Originally published March 27, 2011
SOUTH CAROLINA AND its fan base have been here before. They have loads of experience following a program that struggles to find success with a coach who they say should be shown the door.
Fans howled for Steve Spurrier’s head following a blowout loss to Iowa in the Outback Bowl that left USC with a 7-6 record in 2008. The howling grew louder following another lopsided loss to Connecticut in the Papajohns.com Bowl that also left USC with a 7-6 record in 2009.
One year later, Spurrier could run for governor — OK, mayor — after an SEC East title. In 12 months he went from being over-the-hill to the greatest football coach in USC history.
Now USC finds itself with a basketball coach who clearly lost his team by the end of this season and appears on the verge of losing his program. Of course, in typical USC fashion, the fan base wants the coach to head back to the hills of Kentucky.
Here is the truth of the matter: Darrin Horn is not going anywhere anytime soon. USC and its supporters can waste loads of energy trying to run him out of town or channel their support behind him.
Eric Hyman, USC’s athletics director, is a man of great foresight. Perhaps more than anything else, he recognizes it takes time to build a successful program at USC in nearly every sport. It took Ray Tanner six seasons for the baseball program to reach elite status. Not until Spurrier’s sixth season did USC become an SEC East contender in football.
Horn just completed his third season. His first team won a share of the SEC East title and probably was one key injury to Dominique Archie from reaching the NCAA tournament. His second team registered the first victory against a No. 1-ranked team (Kentucky) in program history before losing eight of its final 11 games.
Horn’s youthful team this season never recovered from a midseason loss at home to West cellar team Auburn, lost 11 of its final 13 games and suffered a second consecutive losing season.
All signs pointed to an improved team next season before Horn’s program absorbed a round of body blows this week that left it staggering against the ropes.
Three defections and the decision of promising point guard Bruce Ellington to also play football leaves the body count looking like this: Eight players have left in thee years, and only nine scholarship players remain.
“It’s all part of growing pains,” Horn said Friday in an attempt to put a positive spin on the barrage of bad news. “It’s all part of building a program.”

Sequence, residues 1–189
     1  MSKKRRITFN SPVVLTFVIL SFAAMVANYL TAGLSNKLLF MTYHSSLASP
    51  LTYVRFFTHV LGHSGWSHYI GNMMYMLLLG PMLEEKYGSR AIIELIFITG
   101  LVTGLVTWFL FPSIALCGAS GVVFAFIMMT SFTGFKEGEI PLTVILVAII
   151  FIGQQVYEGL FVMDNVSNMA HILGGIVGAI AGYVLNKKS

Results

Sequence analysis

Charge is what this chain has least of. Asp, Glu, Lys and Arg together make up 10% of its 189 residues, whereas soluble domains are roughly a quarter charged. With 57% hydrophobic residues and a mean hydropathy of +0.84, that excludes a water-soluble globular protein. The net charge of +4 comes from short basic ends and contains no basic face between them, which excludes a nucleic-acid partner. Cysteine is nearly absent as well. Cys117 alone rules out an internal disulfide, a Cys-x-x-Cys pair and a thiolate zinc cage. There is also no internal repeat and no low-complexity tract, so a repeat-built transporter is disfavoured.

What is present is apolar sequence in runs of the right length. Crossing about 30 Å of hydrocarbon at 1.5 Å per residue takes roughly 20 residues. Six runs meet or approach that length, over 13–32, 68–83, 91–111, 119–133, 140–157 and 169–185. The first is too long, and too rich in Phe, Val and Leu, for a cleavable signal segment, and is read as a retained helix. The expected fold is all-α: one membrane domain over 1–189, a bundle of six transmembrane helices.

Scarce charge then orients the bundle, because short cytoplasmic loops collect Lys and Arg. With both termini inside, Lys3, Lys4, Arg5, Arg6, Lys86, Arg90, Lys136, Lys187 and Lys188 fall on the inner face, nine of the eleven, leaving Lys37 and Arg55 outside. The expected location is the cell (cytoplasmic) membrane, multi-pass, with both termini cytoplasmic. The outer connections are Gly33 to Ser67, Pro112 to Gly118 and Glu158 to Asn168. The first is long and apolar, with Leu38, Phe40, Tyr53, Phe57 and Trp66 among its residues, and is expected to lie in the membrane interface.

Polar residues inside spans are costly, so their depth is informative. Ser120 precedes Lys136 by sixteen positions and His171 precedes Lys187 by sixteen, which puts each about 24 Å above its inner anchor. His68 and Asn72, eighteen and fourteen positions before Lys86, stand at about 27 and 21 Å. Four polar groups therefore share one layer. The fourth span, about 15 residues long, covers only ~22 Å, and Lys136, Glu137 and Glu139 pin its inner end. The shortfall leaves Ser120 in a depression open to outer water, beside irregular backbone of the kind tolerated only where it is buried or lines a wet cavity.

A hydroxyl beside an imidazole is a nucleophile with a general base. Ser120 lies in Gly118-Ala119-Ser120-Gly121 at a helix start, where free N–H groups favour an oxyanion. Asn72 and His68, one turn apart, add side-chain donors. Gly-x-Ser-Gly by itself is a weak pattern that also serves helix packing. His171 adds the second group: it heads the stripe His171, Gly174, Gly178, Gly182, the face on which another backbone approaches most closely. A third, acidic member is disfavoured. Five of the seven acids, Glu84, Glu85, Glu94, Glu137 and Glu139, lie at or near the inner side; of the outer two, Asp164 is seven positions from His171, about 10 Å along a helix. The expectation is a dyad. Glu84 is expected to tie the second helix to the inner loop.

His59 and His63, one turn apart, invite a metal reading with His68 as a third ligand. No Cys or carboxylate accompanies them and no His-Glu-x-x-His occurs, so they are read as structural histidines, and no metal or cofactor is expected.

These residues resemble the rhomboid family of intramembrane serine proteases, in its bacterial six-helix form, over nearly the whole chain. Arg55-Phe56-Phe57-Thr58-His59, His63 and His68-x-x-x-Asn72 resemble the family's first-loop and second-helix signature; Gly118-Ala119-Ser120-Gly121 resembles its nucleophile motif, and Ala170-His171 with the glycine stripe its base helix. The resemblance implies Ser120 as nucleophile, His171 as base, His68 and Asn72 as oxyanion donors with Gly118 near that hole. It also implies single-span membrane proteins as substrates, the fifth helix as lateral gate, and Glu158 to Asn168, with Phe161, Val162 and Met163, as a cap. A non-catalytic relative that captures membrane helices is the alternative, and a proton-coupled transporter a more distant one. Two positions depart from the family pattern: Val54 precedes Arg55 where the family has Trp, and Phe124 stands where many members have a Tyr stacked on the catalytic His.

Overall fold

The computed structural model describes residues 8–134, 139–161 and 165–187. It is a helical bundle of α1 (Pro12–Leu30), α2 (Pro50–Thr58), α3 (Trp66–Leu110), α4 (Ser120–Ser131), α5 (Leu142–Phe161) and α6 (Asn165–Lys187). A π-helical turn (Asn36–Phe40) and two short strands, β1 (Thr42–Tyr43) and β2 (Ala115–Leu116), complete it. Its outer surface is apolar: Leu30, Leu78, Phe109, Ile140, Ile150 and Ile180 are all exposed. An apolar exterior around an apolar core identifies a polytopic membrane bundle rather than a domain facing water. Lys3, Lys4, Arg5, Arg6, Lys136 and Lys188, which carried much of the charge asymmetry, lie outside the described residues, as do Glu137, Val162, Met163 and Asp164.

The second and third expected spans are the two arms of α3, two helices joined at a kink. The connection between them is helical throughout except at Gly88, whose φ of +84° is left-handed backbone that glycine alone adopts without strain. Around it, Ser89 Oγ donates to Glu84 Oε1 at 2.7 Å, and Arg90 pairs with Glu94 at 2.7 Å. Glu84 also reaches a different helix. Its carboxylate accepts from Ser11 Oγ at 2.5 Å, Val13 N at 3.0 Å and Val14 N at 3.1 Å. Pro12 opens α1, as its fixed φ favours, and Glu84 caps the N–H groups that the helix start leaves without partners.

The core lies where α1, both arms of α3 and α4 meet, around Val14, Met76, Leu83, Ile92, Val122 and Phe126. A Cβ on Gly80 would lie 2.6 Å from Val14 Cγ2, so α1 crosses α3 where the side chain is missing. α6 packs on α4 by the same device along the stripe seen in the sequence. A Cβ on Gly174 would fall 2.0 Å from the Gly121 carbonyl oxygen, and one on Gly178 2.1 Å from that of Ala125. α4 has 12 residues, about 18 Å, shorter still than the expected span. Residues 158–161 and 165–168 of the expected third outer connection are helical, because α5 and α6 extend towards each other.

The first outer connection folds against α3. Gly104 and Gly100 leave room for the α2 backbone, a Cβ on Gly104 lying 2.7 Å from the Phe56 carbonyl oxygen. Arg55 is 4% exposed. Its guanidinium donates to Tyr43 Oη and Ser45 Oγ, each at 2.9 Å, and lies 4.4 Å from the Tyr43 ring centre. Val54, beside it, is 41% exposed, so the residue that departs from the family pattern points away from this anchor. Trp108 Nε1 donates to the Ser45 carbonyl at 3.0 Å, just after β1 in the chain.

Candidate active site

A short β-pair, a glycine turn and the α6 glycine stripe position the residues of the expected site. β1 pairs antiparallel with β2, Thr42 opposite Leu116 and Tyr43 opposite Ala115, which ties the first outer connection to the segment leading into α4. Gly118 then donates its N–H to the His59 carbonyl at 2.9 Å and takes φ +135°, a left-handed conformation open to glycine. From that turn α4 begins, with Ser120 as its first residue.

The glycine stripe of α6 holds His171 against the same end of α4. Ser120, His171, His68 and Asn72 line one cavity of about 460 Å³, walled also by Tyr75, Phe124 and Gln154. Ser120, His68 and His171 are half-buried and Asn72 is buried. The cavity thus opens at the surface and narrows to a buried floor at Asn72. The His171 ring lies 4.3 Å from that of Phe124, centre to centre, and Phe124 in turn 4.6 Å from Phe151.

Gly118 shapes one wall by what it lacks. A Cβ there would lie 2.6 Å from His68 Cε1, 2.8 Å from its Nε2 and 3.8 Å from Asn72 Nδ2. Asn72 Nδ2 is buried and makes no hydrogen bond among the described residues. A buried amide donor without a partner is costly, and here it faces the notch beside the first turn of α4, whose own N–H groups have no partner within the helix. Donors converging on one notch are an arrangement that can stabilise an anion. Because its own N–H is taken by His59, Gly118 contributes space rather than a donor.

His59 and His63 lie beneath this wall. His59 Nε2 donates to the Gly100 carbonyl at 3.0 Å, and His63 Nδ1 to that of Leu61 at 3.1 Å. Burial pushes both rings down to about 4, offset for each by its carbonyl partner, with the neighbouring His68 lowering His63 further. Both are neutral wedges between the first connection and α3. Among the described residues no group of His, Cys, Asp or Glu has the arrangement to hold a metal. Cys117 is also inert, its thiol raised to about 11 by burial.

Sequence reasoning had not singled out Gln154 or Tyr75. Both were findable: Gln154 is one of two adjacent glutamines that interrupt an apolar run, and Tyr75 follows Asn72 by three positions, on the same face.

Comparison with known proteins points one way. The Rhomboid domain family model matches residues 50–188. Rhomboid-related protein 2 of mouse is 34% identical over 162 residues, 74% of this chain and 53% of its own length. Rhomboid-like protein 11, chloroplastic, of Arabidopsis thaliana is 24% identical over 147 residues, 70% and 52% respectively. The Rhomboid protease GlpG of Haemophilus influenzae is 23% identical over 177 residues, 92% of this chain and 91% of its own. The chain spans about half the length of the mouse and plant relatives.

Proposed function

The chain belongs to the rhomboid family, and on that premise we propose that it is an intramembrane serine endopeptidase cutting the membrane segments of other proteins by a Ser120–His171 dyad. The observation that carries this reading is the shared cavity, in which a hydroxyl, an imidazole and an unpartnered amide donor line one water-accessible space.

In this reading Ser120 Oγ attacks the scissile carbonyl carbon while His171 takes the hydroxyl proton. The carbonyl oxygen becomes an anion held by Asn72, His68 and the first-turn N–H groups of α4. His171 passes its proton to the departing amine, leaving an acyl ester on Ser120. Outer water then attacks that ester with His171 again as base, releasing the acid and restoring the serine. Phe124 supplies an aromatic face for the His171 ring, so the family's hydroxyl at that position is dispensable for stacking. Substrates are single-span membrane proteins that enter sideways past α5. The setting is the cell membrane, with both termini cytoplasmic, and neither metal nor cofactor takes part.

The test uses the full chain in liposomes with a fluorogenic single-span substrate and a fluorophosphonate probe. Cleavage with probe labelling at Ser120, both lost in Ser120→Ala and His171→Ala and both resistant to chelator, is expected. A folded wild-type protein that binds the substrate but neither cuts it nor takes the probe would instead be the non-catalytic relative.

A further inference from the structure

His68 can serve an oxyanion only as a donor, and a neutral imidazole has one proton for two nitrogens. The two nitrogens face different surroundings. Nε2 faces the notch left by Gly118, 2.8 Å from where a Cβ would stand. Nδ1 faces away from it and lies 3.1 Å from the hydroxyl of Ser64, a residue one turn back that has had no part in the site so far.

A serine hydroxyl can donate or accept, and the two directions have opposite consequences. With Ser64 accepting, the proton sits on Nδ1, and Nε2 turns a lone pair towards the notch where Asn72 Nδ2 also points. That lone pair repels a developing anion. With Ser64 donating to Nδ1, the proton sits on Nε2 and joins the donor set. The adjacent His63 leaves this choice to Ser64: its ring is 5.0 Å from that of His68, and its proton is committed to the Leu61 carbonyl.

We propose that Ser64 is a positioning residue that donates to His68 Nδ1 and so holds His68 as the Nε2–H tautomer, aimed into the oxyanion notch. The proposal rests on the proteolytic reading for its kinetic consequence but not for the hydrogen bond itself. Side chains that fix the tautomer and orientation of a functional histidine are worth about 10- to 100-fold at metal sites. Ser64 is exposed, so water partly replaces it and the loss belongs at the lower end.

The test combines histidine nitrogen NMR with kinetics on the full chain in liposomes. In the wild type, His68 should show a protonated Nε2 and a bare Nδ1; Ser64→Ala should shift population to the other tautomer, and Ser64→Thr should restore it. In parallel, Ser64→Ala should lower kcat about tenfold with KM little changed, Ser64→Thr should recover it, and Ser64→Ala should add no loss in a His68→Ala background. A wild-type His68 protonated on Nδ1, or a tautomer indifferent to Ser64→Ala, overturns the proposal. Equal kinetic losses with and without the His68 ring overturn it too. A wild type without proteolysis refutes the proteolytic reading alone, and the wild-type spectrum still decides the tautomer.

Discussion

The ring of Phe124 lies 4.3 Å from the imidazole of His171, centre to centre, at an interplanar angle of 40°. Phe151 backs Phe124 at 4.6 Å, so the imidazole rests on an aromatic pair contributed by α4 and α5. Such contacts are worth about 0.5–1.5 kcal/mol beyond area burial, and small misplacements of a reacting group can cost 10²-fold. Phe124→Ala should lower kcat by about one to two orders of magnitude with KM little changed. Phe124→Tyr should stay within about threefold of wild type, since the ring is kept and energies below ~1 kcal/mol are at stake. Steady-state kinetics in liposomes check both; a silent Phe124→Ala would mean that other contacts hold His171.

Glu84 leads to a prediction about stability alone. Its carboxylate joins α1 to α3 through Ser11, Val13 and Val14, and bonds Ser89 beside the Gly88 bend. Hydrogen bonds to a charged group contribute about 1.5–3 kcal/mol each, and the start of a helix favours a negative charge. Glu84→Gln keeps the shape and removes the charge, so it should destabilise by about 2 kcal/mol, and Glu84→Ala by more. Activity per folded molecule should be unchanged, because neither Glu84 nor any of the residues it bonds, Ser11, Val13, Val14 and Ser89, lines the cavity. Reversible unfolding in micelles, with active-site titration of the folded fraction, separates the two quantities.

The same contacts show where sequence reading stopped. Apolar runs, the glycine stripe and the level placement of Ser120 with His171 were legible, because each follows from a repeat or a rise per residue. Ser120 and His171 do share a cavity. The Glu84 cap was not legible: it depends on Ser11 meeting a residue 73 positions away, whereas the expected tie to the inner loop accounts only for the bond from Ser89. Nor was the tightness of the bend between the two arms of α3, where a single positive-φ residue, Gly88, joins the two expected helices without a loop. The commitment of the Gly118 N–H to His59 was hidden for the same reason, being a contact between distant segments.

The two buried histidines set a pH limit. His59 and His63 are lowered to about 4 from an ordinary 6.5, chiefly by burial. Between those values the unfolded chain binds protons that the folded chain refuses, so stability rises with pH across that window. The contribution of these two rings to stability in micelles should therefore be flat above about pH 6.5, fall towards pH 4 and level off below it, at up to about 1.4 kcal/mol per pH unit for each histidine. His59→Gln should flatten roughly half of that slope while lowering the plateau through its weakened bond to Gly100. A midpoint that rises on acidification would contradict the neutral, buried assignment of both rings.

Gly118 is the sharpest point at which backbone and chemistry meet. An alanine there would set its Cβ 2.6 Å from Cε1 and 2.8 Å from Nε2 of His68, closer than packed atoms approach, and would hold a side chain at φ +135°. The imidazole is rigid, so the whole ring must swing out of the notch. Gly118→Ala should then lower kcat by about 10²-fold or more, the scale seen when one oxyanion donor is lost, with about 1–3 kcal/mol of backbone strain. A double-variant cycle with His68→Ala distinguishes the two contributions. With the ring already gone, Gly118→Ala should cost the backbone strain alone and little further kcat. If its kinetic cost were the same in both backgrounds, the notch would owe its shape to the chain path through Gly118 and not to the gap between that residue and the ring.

The knee-jerk reaction is to point the finger — and blame — at Horn. He has admitted mistakes both in evaluating talent in recruiting and in recognizing who fits best into his program and system.
In fairness to Horn, each player’s situation to either leave the program or play another sport should be examined individually. When analyzed that way, some of the doom that looms over the program can be diminished.
First, sophomore Stephen Spinella departed because it became evident he was not an SEC-caliber guard. Sophomore Ramon Galloway could have remained on the team but was not willing to accept being a role player next season. Those kinds of defections happen with just about every program.
Next, Spurrier poached Horn’s program to get Ellington on the football field, where Ellington is likely to be a special-teams player. In allowing Ellington to play football, Horn stood by a promise made during the player’s recruiting. Not having Ellington with the team year-round is a crushing blow to Horn’s program, but hardly his fault.
Finally, there was the announcement that Murphy Holloway does not want to play for USC after sitting out the season following his transfer from Mississippi. Holloway told Horn he was unhappy and wanted to leave.
Only this final loss lands directly at the feet of Horn and his staff. Holloway was expected to be a solid front-court contributor next season. For him to leave speaks to what appears to be much disharmony within the program and the team.
Without Ellington, Holloway and Galloway, the roster has been trimmed of significant talent. But it is not void of talent. Lakeem Jackson, Malik Cooke, Damontre Harris, Brian Richardson, R.J. Slawson and Eric Smith form a good nucleus, and incoming recruits Damien Leonard from Greenville and Anthony Gill from Charlotte will need to contribute immediately.
The ranks are thin. We will find out for sure next season whether Horn can coach. It will not necessarily show in wins and losses, but rather by how well the team melds as a unit and by how it improves from beginning to end of the season.
“We need to see progress, no question,” Horn said. “But, as we talked about at the end of the season, what does that mean? I don’t know the answer to that. Is it that you’ve got to be in the NCAA tournament? I don’t think that’s it. Is it that we’ve got to have more wins? We can fix that with zero progress just by dumbing our schedule down, which doesn’t help our program grow.”
Horn admitted this week that the time will come when he will be judged on his program’s progress. The events of this past week probably shortened that time frame. If Hyman does not see significant progress by the end of next season, he likely will be forced to make a move on Horn.
Until then, it behooves everyone associated with USC to throw their support behind Horn and his program.